When the hostilities in Donetsk and Lugansk began in 2014, and with them came the "Russian world" (Русский мир), Anika (whose name has been changed for security reasons) substituted the village where she lived, located near Mariupol, for the relative calm of the capital Kyiv.
As soon as the war started on February 24 this year, she tried to contact her parents, who remained in Donetsk. After a while, he managed to find them in Moscow, where they fled, because the road to Russia is much easier for those fleeing from the occupied regions.
After spending 10 days in Russia, she left for Estonia, where at least 2,000 people and a long line of cars were waiting at the border.
Ukrainians who want to leave Russia are blocked at the border
According to Anika, Russian border guards deliberately keep Ukrainian citizens in line while letting people of other nationalities across the border. After 4 days in line for those waiting, the conditions become unbearable. "It felt like the temperature outside was 20 degrees below zero. We tried to hide because our hands were freezing," Anika said, describing the crowd standing in the torrential rain that lasted for two days. "All my clothes were wet. I poured a cup of water out of each shoe." Only five Ukrainians were allowed to pass in 24 hours.
The volunteer network "Friends of Mariupol" confirms that in the last week of September, thousands of refugees were prevented from leaving Russia. "The Russian border authorities have imposed much stricter controls. They are trying to catch people, probably men, who are trying to escape the mobilization in Russia," said Alexandra Averdzhanova, a member of the organization's board of directors.
XXI century. "If this is how they treat the people at the borders, what are they doing with the prisoners, with the military personnel", she asks herself.
Estonia also complicates the passing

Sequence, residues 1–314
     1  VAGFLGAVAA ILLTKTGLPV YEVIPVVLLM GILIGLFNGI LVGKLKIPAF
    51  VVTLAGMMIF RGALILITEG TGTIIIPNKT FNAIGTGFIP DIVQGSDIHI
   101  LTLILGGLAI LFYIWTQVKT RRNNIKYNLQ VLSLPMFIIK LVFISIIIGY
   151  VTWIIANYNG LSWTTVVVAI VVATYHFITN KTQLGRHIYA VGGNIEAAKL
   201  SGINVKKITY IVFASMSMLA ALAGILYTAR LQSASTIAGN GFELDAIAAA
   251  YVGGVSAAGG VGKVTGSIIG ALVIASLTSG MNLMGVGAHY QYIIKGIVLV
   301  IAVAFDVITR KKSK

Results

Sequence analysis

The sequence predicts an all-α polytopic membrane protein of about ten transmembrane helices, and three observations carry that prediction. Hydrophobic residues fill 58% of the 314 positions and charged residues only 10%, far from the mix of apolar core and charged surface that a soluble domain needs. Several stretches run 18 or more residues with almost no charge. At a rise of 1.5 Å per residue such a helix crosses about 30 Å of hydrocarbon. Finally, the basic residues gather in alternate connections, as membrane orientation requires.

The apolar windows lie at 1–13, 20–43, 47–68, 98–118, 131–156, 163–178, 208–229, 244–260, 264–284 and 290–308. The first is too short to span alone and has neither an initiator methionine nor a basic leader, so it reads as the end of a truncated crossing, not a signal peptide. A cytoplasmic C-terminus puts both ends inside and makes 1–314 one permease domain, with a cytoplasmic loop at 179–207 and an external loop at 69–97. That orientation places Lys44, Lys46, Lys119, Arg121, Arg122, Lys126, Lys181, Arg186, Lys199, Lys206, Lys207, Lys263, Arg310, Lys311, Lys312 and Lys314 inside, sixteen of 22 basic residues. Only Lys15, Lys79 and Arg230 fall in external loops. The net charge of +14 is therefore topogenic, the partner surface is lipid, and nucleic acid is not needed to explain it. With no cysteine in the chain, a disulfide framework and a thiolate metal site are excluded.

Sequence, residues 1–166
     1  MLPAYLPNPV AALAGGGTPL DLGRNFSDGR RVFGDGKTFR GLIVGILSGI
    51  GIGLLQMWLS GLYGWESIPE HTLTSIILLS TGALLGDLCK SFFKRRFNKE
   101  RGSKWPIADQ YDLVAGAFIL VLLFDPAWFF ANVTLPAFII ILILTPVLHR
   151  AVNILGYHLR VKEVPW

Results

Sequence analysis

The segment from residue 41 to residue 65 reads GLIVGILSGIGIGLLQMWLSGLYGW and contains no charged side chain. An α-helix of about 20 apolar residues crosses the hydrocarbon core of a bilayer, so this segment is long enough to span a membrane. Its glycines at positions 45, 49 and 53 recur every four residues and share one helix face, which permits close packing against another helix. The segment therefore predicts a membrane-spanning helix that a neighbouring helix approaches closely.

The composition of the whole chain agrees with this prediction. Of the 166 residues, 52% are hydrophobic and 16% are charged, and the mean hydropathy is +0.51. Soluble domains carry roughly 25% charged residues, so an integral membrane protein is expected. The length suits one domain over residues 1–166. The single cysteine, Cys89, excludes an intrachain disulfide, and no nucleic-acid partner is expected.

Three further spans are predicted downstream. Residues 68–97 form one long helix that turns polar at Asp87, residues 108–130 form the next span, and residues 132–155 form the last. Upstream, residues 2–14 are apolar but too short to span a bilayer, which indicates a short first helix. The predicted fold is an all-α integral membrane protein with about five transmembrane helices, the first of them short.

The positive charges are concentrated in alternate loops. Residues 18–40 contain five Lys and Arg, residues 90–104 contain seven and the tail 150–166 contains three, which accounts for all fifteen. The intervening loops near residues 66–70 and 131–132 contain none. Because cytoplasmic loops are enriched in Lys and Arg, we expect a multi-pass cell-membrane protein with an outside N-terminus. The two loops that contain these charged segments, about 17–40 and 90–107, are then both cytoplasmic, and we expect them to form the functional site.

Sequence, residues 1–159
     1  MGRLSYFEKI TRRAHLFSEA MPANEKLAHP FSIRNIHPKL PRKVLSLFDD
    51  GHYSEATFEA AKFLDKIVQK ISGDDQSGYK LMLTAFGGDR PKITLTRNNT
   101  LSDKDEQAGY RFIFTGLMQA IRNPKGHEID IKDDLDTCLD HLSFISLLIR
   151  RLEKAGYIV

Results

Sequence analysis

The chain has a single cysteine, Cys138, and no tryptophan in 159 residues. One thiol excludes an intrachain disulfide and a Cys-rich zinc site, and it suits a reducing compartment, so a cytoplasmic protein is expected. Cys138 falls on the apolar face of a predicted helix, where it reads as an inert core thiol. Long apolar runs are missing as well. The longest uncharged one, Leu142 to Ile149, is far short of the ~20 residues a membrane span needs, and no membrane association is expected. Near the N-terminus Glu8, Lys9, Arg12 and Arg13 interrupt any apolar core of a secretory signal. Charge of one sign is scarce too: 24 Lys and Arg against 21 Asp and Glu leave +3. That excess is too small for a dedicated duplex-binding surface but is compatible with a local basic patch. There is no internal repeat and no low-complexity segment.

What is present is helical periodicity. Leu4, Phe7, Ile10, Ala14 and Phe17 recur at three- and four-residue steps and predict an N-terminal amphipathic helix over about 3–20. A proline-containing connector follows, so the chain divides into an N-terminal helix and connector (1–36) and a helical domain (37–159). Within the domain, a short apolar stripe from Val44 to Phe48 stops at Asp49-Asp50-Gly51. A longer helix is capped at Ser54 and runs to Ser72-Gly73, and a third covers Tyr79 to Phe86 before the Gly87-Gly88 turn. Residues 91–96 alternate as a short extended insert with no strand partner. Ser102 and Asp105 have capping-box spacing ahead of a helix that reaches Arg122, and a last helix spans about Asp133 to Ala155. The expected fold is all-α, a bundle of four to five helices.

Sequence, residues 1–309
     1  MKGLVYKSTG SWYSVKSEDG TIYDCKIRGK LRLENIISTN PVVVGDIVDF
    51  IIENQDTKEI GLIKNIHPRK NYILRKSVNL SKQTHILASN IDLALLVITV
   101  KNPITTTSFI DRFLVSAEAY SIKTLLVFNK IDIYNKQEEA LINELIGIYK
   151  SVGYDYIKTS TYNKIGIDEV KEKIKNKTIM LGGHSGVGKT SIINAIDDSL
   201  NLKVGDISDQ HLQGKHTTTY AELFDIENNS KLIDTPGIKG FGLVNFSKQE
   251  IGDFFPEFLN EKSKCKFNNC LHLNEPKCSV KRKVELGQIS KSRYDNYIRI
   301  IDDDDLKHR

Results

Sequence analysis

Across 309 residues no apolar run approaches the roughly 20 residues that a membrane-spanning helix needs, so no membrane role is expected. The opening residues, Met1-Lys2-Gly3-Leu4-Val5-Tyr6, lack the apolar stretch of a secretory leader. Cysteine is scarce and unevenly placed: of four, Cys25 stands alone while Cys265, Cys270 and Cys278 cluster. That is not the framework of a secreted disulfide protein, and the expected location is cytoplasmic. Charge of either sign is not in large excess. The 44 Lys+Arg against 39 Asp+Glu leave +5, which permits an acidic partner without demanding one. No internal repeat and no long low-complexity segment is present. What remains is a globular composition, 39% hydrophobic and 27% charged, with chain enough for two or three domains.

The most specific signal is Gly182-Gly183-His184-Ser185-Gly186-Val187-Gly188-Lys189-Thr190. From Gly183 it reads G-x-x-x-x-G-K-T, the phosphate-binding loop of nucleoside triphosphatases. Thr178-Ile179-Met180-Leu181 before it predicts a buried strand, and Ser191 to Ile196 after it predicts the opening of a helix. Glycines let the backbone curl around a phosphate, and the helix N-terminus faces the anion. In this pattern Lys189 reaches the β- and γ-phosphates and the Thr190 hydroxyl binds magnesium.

In the summer, volunteers warned that a humanitarian crisis was brewing, as many Ukrainians were not allowed on Estonian territory. Donetsk-born Danilo was visiting relatives in Russia when the February 24 invasion changed his world. He knows he does not have enough money to return to Ukraine.
For five months, the 25-year-old worked illegally to survive and raise funds to leave Russia. Danilo is desperate - in order to work legally in the country, he must acquire Russian citizenship, which he does not want.
In mid-August, the young man decided to try to cross into Estonia through the Narva checkpoint to meet his mother and brother in Germany. "They asked me why I stayed so long in Russia," Danilo says of the Estonian border guards, who three hours later refused to let him into the country because he had left Ukraine before the start of the war. So Danilo had to sleep under the open sky.
After the border authorities offer him to return with documents to prove he is a tourist and have return tickets, he does so, but they again refuse him and send him back. The next day he crossed into Finland without a hitch, even though it meant a much longer journey.
Hundreds of Ukrainians have been denied entry to Estonia
Estonian authorities confirm that at least 1,091 Ukrainians have been refused entry to the European Union through Estonia since the start of the war. In September alone, 306 Ukrainians were refused - three times more than in the first three months of the war.
"One of the reasons for not allowing a person into the country can be endangering public order or national security," said Egert Belitsev, head of the Estonian border control department. Since February 24, about 109,000 Ukrainian citizens have entered Estonia.
"Among those who are denied entry are, for example, people who have been living and working in Russia for a long time and who do not come to Estonia as refugees, but rather as tourists or to visit relatives or friends," says Belitzev.
"We don't let anyone who claims to be Ukrainian"
Although there is no legal basis for this, the Estonian authorities seem to have a different attitude towards men from the occupied Ukrainian regions who they believe have stayed too long in Russia.
Another Ukrainian refugee also told DW that the border guards in Narva refused him entry to Estonia because he had been in Russia for too long. He left Ukraine after the February 24 invasion, but chose the easier option - a two-week trip through Russia to the Estonian border.
"We don't let in anyone who claims to be Ukrainian," said Kaimo Kuusk, Estonia's ambassador to Ukraine. "Two weeks is not considered too long in Russia. We’re talking about more than 10 years."
However, such statements are not confirmed in practice. Estonia's hardline approach fails to take into account the challenges faced by Ukrainians fleeing the war. Volunteers say refugees sometimes need weeks to organize their travel and recover after fleeing war-torn areas of Ukraine.